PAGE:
• New ARR vs. Cash Burned / Burn Multiple (Fun fact: These are the exact same metric.)
  • CAC Payback Period
  • Annuity Graph

Now that we've grouped the metrics, we have a few decisions to refine the list further. Here’s what I’d recommend and why:

⭐ Growth North Star Metric 

Winner: Growth Rate

Why: Simplicity. 

Natural Rate of Growth is certainly valuable, but it’s possible to over-optimize for non-paid viral or organic growth. Additionally, it’s often difficult to truly separate organic from non-organic traffic. 

Plus, show me a startup that claims to be “growing without trying,” and I’ll show you a startup that’s either not being honest with itself or not growing as fast as it could. CAC Payback Period is a better measure for understanding how healthy and attractive your blend of organic versus paid growth is, if that’s what you want to measure (but it’s better suited as a measure of efficiency, as I’ll explain shortly.)

⭐ Quality North Star Metric

Winner: Net Revenue Retention

Why: If you had to pick only one North Star PLG SaaS metric that speaks to quality, it would be Net Revenue Retention. It measures how many customers are paying for your product, whether they like your product, and the degree to which they like it so much they want to continue paying for it.

⭐ Efficiency North Star Metrics

Winner: CAC Payback Period

Why: CAC Payback Period wins due to its simplicity and measurability. It factors in the main components of the core business (gross margin + sales and marketing costs). It’s also easy to understand and calculate and is relatively easy to measure and forecast.

LTV:CAC is an inferior North Star for efficiency, mainly because it has a significant recency bias. In the first one to three years of a company’s life, there’s no good way to predict how long customers will stick around without making some big assumptions. It also doesn’t take into account long-term Net Revenue Retention greater than 100%, which is a feature of the best PLG SaaS companies.

Lenny Rachitsky does a great job detailing optimal payback periods for different types of businesses:


If you want to put some guardrails in place for your efficiency metric, these are my suggestions:

Efficiency Guardrail #1

Winner: Gross Margin

Why: You need to demonstrate strong unit economics and the potential to create operating leverage to pay for your fixed costs like G&A and R&D. 

Efficiency Guardrail #2

Winner: Burn Multiple

Why: It’s a helpful number to look at to ensure that your G&A and R&D investments are under control. At the same time, it also contextualizes the overall efficiency of your growth.

With all of the above in mind, here’s what my suggested North Star outcomes metrics framework would look like:

In summary, these are the North Star metrics a PLG SaaS company should measure, monitor, and attempt to move to grow revenue and increase profitability:

  1. Net Revenue Retention
  2. CAC Payback Period (calculated using Gross Profits)
  3. Growth Rate

And these two metrics can serve as guardrails: 

  1. Gross Margin 
  2. Burn Multiple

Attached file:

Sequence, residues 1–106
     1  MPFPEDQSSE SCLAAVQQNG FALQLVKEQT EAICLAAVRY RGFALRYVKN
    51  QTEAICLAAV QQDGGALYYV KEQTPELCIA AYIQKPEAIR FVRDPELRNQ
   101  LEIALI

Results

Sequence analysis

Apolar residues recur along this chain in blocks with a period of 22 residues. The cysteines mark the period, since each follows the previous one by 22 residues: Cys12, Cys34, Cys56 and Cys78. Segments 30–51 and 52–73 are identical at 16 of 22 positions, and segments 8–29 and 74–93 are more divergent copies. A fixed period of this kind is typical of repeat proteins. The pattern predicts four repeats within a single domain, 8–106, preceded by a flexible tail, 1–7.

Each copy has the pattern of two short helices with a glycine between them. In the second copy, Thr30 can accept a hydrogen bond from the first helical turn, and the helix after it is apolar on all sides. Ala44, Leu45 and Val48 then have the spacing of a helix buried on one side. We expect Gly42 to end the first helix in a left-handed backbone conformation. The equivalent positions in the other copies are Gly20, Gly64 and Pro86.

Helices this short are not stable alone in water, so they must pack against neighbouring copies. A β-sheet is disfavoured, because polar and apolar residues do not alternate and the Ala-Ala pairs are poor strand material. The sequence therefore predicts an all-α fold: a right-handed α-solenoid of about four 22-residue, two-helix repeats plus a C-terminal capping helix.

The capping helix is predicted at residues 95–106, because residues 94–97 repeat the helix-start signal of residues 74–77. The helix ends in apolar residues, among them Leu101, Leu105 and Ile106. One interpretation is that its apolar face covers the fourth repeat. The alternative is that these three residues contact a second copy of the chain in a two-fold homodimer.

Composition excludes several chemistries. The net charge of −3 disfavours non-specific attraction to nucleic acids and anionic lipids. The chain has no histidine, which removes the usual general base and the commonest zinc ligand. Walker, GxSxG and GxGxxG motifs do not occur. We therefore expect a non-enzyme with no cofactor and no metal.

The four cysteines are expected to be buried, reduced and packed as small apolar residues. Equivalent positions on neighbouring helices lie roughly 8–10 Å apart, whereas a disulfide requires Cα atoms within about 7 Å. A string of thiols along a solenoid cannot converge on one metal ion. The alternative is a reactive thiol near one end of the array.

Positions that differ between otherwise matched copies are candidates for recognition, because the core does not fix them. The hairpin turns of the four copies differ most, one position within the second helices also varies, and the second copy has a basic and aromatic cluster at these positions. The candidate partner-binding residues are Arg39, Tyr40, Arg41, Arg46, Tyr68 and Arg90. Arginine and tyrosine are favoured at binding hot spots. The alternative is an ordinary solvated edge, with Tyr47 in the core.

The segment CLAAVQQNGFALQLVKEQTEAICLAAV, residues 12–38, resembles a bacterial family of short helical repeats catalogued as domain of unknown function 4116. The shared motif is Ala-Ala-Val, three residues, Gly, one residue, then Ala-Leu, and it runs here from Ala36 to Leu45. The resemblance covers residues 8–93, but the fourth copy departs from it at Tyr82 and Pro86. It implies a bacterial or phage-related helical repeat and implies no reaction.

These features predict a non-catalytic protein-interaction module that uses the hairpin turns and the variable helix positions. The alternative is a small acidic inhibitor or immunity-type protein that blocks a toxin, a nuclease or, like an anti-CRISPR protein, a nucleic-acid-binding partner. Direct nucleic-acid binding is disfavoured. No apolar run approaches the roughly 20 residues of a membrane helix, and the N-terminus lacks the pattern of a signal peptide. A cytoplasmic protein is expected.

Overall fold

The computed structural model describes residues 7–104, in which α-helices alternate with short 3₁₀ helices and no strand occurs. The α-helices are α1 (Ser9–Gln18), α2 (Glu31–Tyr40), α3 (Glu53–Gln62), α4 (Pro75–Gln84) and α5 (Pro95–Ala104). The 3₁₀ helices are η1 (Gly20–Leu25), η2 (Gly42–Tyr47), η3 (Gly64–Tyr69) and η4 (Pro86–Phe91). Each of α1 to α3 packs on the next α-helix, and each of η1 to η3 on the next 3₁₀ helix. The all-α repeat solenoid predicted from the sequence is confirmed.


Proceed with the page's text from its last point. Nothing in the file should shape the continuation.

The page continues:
You'll be in good shape if you can nail the first three metrics and keep numbers four and five within recommended benchmark ranges for your industry.

Step 2: Identify the input and output metrics that ladder up to your North Star outcome goals

You have a high degree of control over input metrics. For example, your customer success team directly controls Average Response and Resolution Times, and those metrics directly impact outcome metrics like Customer Churn Rates.

Here’s the kicker with inputs and outputs, though: There are so many! It’s easy to get distracted and lose sight of your goals. When selecting input and outputs that ladder up to outcomes, I like to choose a focal point in the customer journey. 

For example, suppose a SaaS company wants to increase Retention and has a North Star goal of increasing its Net Revenue Retention. They could focus on:

  • Output metrics such as Customer Churn Rate, Product Engagement Scores, Feature Adoption Rates, and Net Revenue Churn
  • Input metrics such as Average Resolution Time, Feature Volume / Quality, and Support Volume / Quality.

Your prioritization of growth, quality, and efficiency also impact which outcome metrics you ultimately include in your metrics framework. 

Here’s a table that breaks it all down based on the customer journey and organizational priorities for growth/quality/efficiency.

As I said, there’s no shortage of potential inputs and outputs to include in your metrics framework. The AirOps PLG SaaS metrics dictionary is an excellent resource for learning more about the great big world of PLG SaaS metrics.

Step 3: Put it all together in a cohesive metrics framework

Now that you’ve identified your company’s most critical goals and the metrics that you need to move to reach them, you can lay everything out in your own metrics framework. 

How to use your PLG SaaS metrics framework

The right metrics framework is your roadmap to growth and profitability. It gives you a quantifiable understanding of the true financial costs behind the KPIs that you track. It’s also much easier to prioritize problems and make educated, data-driven decisions that move the organization forward.

The work isn’t over yet, though. Now it’s time to model your data and implement the framework. In an upcoming post, AirOps’ Kyle Dempsey will do a more technical deep dive and demonstrate exactly how to build and implement your metrics framework.